Objective: To investigate the stability of development in general intelligence (IQ) and executive functions (EF), and to identify predictors of cognitive development from preschool age through adolescence, in a cohort of preterm and term-born children.
Participants and Methods: As part of the longitudinal Stockholm Neonatal Project, 134 adolescents born preterm with very low birth weight (< 1500g) and 94 matched controls born at term, participated in follow-up studies at ages 5 ½ and 18 years. On both occasions, the participants were assessed with an age appropriate Wechsler IQ test and tests of executive functions (EF). Stability in cognitive outcome was tested with Pearson correlations. Stepwise regression analyses were used to investigate how cognitive outcome at age 18 was predicted by EF at age 5 ½, parental education, gender, medical risk, and birth weight ratio.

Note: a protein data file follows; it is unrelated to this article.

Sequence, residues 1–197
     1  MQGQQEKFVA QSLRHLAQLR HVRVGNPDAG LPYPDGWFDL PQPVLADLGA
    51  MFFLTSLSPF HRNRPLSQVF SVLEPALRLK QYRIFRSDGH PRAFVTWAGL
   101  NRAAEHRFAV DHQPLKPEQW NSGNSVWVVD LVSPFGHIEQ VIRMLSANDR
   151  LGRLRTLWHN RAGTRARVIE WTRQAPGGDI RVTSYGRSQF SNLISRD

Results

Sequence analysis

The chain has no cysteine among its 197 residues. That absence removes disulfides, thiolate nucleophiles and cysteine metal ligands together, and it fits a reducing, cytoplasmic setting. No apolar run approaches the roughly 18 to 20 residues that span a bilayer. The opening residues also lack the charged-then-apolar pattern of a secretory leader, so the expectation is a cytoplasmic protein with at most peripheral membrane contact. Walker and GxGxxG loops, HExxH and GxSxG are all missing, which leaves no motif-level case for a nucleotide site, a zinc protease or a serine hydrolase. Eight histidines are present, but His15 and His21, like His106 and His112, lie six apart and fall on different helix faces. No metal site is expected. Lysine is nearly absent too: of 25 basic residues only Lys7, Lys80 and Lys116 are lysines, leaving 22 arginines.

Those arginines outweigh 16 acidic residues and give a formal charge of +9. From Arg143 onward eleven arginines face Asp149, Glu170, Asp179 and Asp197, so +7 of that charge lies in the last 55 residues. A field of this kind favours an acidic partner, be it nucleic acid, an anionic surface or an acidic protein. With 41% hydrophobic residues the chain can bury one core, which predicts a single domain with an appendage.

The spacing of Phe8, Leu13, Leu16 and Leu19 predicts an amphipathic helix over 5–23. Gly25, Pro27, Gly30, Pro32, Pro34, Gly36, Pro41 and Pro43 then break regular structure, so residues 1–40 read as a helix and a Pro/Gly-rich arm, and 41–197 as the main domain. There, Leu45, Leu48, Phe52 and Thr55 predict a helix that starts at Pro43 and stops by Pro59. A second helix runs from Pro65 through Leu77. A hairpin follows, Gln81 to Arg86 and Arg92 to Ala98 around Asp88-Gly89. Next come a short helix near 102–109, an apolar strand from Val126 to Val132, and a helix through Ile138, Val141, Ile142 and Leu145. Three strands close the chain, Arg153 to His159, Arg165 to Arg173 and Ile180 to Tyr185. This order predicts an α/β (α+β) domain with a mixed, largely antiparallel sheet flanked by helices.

Results: IQ was quite stable form preschool age through adolescence (r =.78 in whole group, r = .84 in preterm and r= .61 in controls), as were EF (r = .65 in whole group, r = .64 in preterm and r = .53 in controls). In controls, EF at age 5 ½ and parental education predicted IQ (R² = .205) and EF at 18 years (R² = .249). In the preterm group, EF at age 5 ½, parental education, medical risks and birth weight ratio predicted IQ 18 years (R² = .508), and EF at age 5 ½ and medical risks predicted EF at18 years (R² = .432).
Conclusions: Stability in cognitive outcomes from preschool through adolescence was high, particularly in the preterm group. EF at 5 ½ strongly predicted cognitive and executive functions at 18 years, in both groups. Over the same period, parental education had a continued positive effect on cognitive development. Among preterm children, perinatal medical risks predicted a less favorable continued cognitive development, especially in EF, and a low birth-weight ratio had a negative impact on general intelligence.